In this report, the African Centre for Biodiversity outlines and assesses input subsidy programmes in Mozambique, as part of the larger agriculture policy landscape, and the impact this has had on the agricultural sector, particularly on smallholder farmers.
On this page you will find all of ACB’s publications. To the right are the search categories that will help you navigate around the ACB’s extensive work.
This briefing deals with the three mega mergers taking place in the agriculture sector as Dow Chemical and DuPont are set to merge, China National Chemical Corporation (ChemChina) is to acquire Syngenta and Bayer is to acquire Monsanto.
This lobby paper Who will feed Africans: Small-scale farmers not corporations! produced by the partnership between FoEA and ACB, makes the compelling case for African agriculture to transition towards agroecology and food sovereignty, recognising and strengthening the role of small scale farmers, rather than benefiting few large scale c
Press Release from the African Centre for Biodiversity and PELUM Association in collaboration with the Alliance for Food Sovereignty in Africa 29 November 2016 The authoritarian nature of the African Intellectual Property Organisation (ARIPO) Secretariat and its undemocratic processes are scandalous and unacceptable.
This report considers the N2Africa programme, which aims to develop and distribute improved, certified legume varieties (soya, common bean, groundnut and cow pea); promote and distribute inoculants and synthetic fertiliser; and develop commercial legume markets for smallholder integration in 13 countries in sub-Saharan Africa: Tanzania, Uganda,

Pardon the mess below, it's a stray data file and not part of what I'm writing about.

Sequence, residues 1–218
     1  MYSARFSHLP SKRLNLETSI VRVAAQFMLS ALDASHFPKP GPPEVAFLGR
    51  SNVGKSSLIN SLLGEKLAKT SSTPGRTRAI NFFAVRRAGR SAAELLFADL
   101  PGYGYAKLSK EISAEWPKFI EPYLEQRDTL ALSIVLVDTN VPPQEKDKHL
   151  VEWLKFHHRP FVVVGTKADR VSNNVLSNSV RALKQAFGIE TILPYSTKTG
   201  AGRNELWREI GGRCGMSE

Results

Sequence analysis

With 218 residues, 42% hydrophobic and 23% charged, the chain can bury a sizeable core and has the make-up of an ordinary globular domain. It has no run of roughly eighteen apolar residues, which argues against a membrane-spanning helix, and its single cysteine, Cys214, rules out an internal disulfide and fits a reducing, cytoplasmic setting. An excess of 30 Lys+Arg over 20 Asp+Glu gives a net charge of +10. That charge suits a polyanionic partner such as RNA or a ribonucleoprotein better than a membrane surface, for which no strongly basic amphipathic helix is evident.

The chemical fertiliser push in Africa and its implications for smallholder farmers is not receiving enough attention in current discourses concerning Green Revolution policies and practises in Africa.
The latest salvo in the battle over Africa's seed systems has been fired, writes Stephen Greenberg, with the Gates Foundation and USAID playing puppet-masters to Africa's governments - now meeting in Addis Ababa - as they drive forward corporation-friendly seed regulations that exclude and marginalize the small farmers whose seeds and labour fee
White men meet in London to plot ways of profiting off Africa's seed systems
A meeting is to be held in London on 23 March by predominantly white men with a sprinkling of Africans, some of whom represent private seed companies, to discuss how to make a killing off Africa?s seed systems.
This is a briefing about power and control in our food system, focusing chiefly on South Africa's staple food, maize. It shows how a select group of companies, including Tiger Brands, Pioneer and Premier Foods commandeer the entire maize value chain and continue to squeeze the poorest South Africans.
Author: Edward Hammond About the briefing: The interlocking problems of climate change, emissions from fossil fuels, and limited oil reserves have stimulated interest worldwide in the use of plant crops to produce fuel. Agrofuels are not a new idea.
'Marker Assisted Selection' uses molecular markers as tools in a plant or animal breeding programme to select for important agricultural traits, such as nutritional quality, drought tolerance, disease and pest resistance.
When world leaders hastily gathered at the UN Food and Agricultural Organisation's (FAO) high level conference to respond to the global food crisis the three Rome based UN organizations (the FAO, the International Fund for Agricultural development and the World Food Programme) signed a memorandum of understanding with the Alliance for a
OPENING PANDORA'S BOX: GMOS, FUELISH PARADIGMS AND SOUTH AFRICA's BIOFUELS STRATEGY [button icon="" size="medium" backgroundcolor="#99cc00" color="#ffffff" target="_blank" link="http://acbio.org.za/sites/default/files/2015/02/biofuels_and_GMOs.pdf"]read more[/but